What provides best buffer overflow protection?

Discussion in 'other anti-malware software' started by spindoctor, Mar 6, 2007.

Thread Status:
Not open for further replies.
  1. spindoctor

    spindoctor Registered Member

    Joined:
    Feb 28, 2006
    Posts:
    83
    Ok, I know this is a tough one to prevent, and most apps that do provide protection are not able to protect you from every type of buffer overflow, but what would you guys say provides the best protection? Prevx1, CyberHawk, maybe Wehntrust ? Or perhaps some other app or combination of apps? Thanks.
     
  2. spindoctor

    spindoctor Registered Member

    Joined:
    Feb 28, 2006
    Posts:
    83
    Surprising, no replies. I would have thought buffer overflows would be something well known at a security forum like Wilders. From what I've heard, it is quite a hot topic with the hacker community.

    Also considering most hips and other security program have little to no defense against them, one would tend to think it would be a topic of high interest here at WSF.

    Maybe it's just a matter of no one knows what is best or how to stop them?
     
  3. WSFuser

    WSFuser Registered Member

    Joined:
    Oct 7, 2004
    Posts:
    10,632
    there have been threads on buffer overflows such as this one. its rather old though but maybe it will help you.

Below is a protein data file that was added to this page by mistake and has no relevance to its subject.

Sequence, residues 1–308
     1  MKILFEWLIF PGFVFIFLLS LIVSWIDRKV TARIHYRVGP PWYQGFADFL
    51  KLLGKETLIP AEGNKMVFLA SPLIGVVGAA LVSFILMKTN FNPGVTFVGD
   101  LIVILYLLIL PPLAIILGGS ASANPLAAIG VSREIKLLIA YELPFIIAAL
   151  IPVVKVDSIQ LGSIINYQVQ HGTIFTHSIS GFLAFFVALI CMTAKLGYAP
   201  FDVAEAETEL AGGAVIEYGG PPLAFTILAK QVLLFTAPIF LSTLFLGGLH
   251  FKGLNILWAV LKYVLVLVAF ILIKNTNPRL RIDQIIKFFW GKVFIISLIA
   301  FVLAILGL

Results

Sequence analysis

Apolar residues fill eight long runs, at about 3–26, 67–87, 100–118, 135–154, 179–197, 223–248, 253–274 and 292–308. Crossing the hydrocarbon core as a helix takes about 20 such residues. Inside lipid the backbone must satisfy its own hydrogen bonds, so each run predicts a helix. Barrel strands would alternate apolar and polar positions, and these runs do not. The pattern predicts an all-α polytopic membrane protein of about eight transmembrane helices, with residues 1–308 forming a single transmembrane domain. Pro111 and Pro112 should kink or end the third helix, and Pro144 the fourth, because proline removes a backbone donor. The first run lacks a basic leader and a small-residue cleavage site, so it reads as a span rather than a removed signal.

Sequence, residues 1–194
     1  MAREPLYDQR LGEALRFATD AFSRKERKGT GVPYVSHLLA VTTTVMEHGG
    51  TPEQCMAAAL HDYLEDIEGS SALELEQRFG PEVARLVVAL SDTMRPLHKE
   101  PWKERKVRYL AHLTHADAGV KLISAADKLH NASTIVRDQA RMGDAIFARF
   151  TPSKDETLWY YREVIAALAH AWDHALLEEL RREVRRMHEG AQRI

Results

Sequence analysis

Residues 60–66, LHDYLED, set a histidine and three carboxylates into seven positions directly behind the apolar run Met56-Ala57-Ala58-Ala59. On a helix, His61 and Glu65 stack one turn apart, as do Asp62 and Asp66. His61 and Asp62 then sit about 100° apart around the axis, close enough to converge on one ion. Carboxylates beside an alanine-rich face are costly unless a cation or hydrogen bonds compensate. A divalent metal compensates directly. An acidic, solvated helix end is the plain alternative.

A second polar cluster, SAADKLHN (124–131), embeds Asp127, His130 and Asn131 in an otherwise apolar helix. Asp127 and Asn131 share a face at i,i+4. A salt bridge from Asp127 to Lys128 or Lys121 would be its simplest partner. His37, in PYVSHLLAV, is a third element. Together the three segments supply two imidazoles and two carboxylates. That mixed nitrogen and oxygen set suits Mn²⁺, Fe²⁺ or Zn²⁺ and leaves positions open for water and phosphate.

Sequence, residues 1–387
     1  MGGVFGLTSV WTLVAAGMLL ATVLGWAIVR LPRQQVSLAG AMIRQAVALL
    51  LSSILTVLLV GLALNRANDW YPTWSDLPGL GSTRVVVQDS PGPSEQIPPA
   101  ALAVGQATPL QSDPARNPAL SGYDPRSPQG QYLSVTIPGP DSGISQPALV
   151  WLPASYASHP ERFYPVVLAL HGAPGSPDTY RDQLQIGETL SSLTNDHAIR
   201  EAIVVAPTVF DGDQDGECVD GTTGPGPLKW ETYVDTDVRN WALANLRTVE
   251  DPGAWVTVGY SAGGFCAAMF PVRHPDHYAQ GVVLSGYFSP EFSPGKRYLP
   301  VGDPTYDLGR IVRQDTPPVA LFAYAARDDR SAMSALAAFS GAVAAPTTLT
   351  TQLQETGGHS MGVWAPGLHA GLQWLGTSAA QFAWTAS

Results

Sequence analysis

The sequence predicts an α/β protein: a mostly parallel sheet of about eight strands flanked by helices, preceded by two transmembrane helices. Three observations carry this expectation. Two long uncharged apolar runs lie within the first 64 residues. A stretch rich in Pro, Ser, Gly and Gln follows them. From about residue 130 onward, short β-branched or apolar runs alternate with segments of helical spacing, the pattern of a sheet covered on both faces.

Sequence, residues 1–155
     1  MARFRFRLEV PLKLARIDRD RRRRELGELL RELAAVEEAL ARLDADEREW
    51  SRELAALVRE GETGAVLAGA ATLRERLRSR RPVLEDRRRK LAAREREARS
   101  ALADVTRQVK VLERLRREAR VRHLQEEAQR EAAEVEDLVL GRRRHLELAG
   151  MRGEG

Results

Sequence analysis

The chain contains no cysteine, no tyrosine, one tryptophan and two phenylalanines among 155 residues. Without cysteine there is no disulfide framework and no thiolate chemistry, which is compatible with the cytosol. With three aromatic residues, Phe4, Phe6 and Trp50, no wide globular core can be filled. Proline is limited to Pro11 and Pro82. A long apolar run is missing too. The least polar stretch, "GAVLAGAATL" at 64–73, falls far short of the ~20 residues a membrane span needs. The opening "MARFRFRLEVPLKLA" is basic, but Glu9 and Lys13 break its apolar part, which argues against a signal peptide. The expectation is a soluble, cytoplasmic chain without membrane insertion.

4. cprtech

    cprtech Registered Member

    Joined:
    Feb 26, 2006
    Posts:
    335
    Location:
    Canada
    Here's an uneducated guess: use well written software and a fully patched O/S, especially if it's Windoze :)
     
  5. ghiser1

    ghiser1 Developer

    Joined:
    Jul 8, 2004
    Posts:
    132
    Location:
    Gloucester, UK
    Here's a little food for thought...

    There are basically three situations where buffer overflow attacks can occur:

    1. You have an application providing a network service on your machine - like a web server. In this case an attack has to come through a network connection, and the vulnerability being exploited has to be in the application providing the network service. The first course of action to limit buffer overflow attacks against such a service is to ensure it is traditional firewalling. If the service is not providing a "public" service ensure you have a NAT-enabled firewall or router between the box and your internet connection and block all inbound ports except the ones needed to provide "public" services. This limits the scope for attacks to "public" services and to other PCs already behind your NAT-enabled firewall/router - i.e. on your LAN. Any application running a "public" service must be configured to run in a dedicated non-admin user account. That was if a buffer overflow attack does occur, it is contained within that user account.

    2. A "reverse" buffer overflow against a network client, such as a web browser. In this case, a rogue public server (e.g. a web-site) exploits a vulnerability in the client application by sending it too-much data. Internet Explorer has had a large number of such vulnerabilities in recent years. The most obvious defence here is to not browse the web from an admin account and keep your apps that make outbount network connections patched.

    3. A local attack that passes data from one application on your PC to another - usually to elevate permissions. Bear in mind in this situation, your PC is already compromised at a low-user level before this can occur...